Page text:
IEMI Fellow James Binnall and co-author Nick Petersen published an article in the journal Law & Policy exploring and criticizing the widescale use of criminal history inquiries in law school and state bar admission processes.
Read the Abstract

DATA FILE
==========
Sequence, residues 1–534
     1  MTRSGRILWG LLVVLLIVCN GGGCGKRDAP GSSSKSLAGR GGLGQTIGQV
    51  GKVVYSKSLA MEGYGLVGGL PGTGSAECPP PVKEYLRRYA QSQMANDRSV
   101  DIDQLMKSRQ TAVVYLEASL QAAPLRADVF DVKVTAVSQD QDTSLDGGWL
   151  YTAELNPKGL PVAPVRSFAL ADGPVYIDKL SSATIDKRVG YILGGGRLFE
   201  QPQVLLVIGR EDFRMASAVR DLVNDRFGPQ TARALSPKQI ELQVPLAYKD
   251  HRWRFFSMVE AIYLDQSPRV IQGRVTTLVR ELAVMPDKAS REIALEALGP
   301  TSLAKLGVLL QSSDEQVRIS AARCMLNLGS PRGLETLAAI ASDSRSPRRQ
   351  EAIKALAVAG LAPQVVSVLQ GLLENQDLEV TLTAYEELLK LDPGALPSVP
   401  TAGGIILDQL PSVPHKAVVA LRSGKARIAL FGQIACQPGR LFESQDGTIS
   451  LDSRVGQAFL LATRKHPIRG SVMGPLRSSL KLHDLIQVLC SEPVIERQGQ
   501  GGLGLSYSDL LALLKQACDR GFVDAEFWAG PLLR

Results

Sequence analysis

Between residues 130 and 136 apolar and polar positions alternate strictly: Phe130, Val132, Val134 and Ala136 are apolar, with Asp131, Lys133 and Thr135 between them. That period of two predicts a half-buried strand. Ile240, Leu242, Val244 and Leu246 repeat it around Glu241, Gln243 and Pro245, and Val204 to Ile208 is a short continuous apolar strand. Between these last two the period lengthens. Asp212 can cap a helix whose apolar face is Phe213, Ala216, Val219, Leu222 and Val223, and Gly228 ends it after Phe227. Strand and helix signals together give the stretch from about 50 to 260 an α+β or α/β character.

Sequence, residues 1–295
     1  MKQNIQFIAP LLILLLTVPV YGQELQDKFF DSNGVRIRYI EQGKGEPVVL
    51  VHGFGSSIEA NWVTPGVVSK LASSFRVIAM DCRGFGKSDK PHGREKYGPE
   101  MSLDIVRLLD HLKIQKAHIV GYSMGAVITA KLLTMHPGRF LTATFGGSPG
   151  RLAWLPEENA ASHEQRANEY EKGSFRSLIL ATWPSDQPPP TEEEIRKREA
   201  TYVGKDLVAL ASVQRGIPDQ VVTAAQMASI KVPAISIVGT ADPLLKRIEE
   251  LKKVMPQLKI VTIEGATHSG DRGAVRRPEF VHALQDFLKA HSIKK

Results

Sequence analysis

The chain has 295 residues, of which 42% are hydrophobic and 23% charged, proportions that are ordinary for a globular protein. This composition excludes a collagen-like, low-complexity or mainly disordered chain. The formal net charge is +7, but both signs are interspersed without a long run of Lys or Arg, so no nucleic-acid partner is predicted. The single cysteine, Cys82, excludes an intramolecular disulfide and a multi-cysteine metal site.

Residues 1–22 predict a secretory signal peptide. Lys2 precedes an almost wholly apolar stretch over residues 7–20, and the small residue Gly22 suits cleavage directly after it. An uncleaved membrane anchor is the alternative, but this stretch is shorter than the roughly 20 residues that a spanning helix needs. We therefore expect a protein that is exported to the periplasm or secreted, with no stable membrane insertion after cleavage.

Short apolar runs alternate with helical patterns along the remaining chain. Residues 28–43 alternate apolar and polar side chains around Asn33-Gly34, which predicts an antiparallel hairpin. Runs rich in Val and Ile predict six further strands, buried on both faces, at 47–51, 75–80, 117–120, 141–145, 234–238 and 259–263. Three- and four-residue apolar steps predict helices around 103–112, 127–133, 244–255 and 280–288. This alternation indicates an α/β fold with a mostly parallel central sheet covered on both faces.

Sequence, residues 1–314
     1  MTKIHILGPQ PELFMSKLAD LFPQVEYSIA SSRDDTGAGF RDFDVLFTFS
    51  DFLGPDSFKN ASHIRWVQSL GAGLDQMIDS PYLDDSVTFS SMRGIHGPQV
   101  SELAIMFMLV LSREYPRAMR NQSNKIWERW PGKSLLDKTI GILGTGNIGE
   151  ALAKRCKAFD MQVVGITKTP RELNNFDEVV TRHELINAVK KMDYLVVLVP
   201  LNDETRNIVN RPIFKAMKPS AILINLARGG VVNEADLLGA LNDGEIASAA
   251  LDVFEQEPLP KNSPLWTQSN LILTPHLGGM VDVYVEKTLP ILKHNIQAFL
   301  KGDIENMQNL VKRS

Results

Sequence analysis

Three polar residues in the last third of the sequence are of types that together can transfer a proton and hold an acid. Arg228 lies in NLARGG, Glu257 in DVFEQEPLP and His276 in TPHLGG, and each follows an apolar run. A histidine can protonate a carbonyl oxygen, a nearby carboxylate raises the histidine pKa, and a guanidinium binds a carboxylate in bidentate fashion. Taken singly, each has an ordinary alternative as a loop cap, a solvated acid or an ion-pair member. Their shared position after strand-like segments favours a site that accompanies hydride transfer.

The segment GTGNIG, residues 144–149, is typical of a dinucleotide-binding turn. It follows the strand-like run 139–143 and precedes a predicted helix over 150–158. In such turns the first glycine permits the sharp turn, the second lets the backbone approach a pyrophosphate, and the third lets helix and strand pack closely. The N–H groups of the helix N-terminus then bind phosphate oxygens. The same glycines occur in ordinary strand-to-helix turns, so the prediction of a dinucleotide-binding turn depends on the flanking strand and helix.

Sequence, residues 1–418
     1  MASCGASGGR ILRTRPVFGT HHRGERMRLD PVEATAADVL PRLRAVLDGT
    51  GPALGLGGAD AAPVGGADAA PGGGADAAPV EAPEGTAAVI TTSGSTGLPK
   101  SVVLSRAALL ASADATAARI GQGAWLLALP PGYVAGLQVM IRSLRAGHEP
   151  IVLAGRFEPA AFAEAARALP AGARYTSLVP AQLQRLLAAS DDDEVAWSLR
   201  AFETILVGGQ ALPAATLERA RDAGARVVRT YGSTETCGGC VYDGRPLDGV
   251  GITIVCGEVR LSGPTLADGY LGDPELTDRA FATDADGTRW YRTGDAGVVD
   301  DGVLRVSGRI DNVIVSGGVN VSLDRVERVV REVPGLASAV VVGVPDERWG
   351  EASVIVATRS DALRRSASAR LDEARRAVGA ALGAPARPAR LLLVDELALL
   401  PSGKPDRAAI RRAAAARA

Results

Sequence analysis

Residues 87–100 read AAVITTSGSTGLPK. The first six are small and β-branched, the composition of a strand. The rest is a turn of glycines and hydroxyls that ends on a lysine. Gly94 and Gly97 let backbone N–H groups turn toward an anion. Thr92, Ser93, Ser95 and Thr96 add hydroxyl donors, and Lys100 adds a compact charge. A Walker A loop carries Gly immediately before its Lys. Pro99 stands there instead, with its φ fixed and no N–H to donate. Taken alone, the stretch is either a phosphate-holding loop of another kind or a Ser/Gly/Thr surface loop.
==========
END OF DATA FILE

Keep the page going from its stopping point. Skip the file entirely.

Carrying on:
While all but one U.S. law school and every state bar ask about criminal history on their admissions application, such inquiries vary considerably in the depth of information sought. One potential explanation for variations in the depth of criminal history inquiries among law schools and state bars relates to minority threat dynamics. Drawing on data quantifying the depth of criminal history inquiries for 190 ABA-approved law schools and all state bars, as well as school and state demographics, this study explores the issue for the first time. Negative binomial regressions reveal that law schools and state bars located in states with larger Black and Latino populations employ more probing criminal history inquiries. We also find that this relationship is parabolic—where the minority threat effect is negative in states with a critical mass of Black/Latino residents. Finally, minority threat effects for law school criminal history inquiries are moderated by state bar criminal history inquiries, suggesting that law schools are cued by state bar policies. These results provide some support for minority threat theory, informing debates about the continued use of criminal history inquiries to screen prospective law students and lawyers, and the inclusiveness of the legal profession generally.